Episode 8 - all of the stories in this episode take place in the present day and finally bring Geralt and Cirilla together. Geralt spends much of the episode in a feverish dream after being injured saving a farmer from a brilliantly executed zombie attack. The farmer takes the feverish Geralt to him home where Cirilla is already being cared for by the man's wife.

Least, that's how I think it all worked.

The first season was based on the book, The Last Wish, which is actually a collection of short stories set in the Witcher universe, that  take place before the events told in the actual first Witcher novel, Blood of the Elves. It was these stories that formed the basis for the first season of the Netflix show. It was a good way of doing it because had the showrunners started with the first Witcher novel then all of this backstory would have had to have been woven into the story, and I, and many viewers judging by the ratings and praise for the series, really enjoyed this series, confusions timeline and all. According to tweets from the showrunners, particularly Lauren S Hissrich who has really connected with the fans, tell us that the second season will feature a much more conventional storytelling style. This will please many but as long as they keep up the brilliance.

 At the time of writing, The Witcher is officially the biggest TV show in the world.



Friday, 10 January 2020

Book Review: The Last Wish by Andrzej Sapkowski

Until now I was only vaguely aware of the bestselling Witcher series - I'd heard of the hugely successful video games based on the books, but then I'm hardly what you'd call a gamer (even if I did become hooked on Red Dead Redemption II last year). I was also aware that the author outsells the likes of Stephen King in his native Poland but until now the books had escaped me.

 I do read in the fantasy genre from time to time, but these excursions into the genre are few and far between. In fact, it was  the excellent Netflix series (watching all eight episodes of the first season over two days) that provoked me to explore the series that started the whole thing. It seems I am not alone in jumping from the TV series to the books - a recent news report (HERE) revealed that the Last Wish has this week made the New York Times bestseller list 27 years after it was first published.

'Evil is evil. Lesser, greater...middling.'

The Last Wish is not the first Witcher book (that honour goes to 1994's, Blood of the Elves) but in chronological terms the six stories collected here  are in fact the first in the series. And so, armed with some knowledge of the character, I started to turn the virtual pages. Geralt is a Witcher, a mutated human being with enhanced eyesight, healing powers and limited magical abilities. He supposedly is also immune from human emotions, though many of his interactions in these stories belie that fact and the character comes across with a very real belief system of what is right and wrong. It seems that Witchers roam the country taking payment for destroying monsters that are terrorising the towns and villages. And whilst this may seem like the standard D&D fantasy type stuff it is a lot more than that, and the author subverts and twists traditional folk lore and fairy tales for his own needs. There's also a lot of dark humour in the stories, which greatly enhanced my enjoyment of the tales.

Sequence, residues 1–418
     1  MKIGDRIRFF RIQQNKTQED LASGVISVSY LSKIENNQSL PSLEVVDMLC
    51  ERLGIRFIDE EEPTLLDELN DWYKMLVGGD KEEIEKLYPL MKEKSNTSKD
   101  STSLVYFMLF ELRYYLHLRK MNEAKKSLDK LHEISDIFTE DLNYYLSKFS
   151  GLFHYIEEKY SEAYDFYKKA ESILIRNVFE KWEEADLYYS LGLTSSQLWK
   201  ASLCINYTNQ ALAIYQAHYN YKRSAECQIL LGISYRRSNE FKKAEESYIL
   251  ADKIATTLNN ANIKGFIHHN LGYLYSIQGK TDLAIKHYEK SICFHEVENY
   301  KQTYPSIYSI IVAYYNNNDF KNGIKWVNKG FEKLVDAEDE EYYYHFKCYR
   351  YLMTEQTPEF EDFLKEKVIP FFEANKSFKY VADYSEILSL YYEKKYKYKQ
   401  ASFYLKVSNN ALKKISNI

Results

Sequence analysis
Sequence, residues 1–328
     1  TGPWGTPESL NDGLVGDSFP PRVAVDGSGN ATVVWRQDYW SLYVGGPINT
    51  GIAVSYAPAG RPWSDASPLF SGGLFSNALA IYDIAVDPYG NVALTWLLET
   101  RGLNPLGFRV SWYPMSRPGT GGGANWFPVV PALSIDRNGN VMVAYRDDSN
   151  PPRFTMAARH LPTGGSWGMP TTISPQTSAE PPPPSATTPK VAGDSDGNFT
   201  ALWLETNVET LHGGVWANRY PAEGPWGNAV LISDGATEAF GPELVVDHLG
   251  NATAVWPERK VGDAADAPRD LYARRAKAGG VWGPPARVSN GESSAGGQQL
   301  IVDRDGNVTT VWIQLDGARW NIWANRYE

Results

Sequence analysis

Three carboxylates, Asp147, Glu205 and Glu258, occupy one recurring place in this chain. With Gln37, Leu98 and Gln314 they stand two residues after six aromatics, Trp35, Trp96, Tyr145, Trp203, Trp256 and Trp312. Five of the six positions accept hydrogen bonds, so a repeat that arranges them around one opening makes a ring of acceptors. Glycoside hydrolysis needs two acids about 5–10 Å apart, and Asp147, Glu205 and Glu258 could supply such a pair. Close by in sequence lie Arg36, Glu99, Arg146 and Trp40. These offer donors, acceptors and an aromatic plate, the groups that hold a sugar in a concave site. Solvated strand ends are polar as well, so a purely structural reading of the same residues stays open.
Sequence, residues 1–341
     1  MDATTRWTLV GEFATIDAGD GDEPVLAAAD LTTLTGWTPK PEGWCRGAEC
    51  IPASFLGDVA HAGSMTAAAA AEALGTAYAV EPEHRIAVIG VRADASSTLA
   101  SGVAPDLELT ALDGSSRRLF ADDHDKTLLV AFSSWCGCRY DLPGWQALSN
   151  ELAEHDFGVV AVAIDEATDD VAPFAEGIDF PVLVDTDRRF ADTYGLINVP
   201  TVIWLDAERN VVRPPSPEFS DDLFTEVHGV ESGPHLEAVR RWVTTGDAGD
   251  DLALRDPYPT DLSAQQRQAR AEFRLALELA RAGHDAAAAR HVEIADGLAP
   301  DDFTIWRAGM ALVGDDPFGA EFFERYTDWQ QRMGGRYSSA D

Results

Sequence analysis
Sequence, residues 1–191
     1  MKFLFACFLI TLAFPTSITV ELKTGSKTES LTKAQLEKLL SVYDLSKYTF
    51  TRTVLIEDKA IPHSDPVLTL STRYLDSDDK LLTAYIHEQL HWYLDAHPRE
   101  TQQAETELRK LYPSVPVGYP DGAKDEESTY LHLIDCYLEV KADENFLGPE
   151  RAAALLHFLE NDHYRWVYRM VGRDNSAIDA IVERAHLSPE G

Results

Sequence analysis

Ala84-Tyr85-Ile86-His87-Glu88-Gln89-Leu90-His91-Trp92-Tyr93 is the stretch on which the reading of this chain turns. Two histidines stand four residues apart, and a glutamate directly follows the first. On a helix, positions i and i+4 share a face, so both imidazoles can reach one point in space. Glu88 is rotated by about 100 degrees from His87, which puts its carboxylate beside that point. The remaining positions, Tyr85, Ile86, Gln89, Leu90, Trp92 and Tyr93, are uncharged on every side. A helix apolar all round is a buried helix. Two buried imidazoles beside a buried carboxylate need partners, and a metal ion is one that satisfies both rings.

What is impressive from a technical standpoint is the clever way that the author has uses a device to connect these stories together rather than simply dump them together between the covers. This works as a novel engine, driving the narrative forward and none of the stories seem disjointed from the other - the reader is left with the feeling that they are reading an episodic novel, one complete story rather than an anthology of tales. This was done really well.  Basically the stories here are a mixture of twists, perversions even on traditional fairy tales as well as some European folklore that I wasn't so familiar wit. Though the Grimm brothers and  Hans Christian Anderson were never as dark, nor in fact as uproariously funny.

I very much enjoyed this book and coming off my viewing of the Netflix series, it gave me more understanding of the characters and worlds that Andrzej Sapkowski has created. I'll certainly be checking out more while we wait for the next series to drop on Netflix.


Saturday, 4 January 2020

BBC's Dracula turns strangely anaemic for it's final episode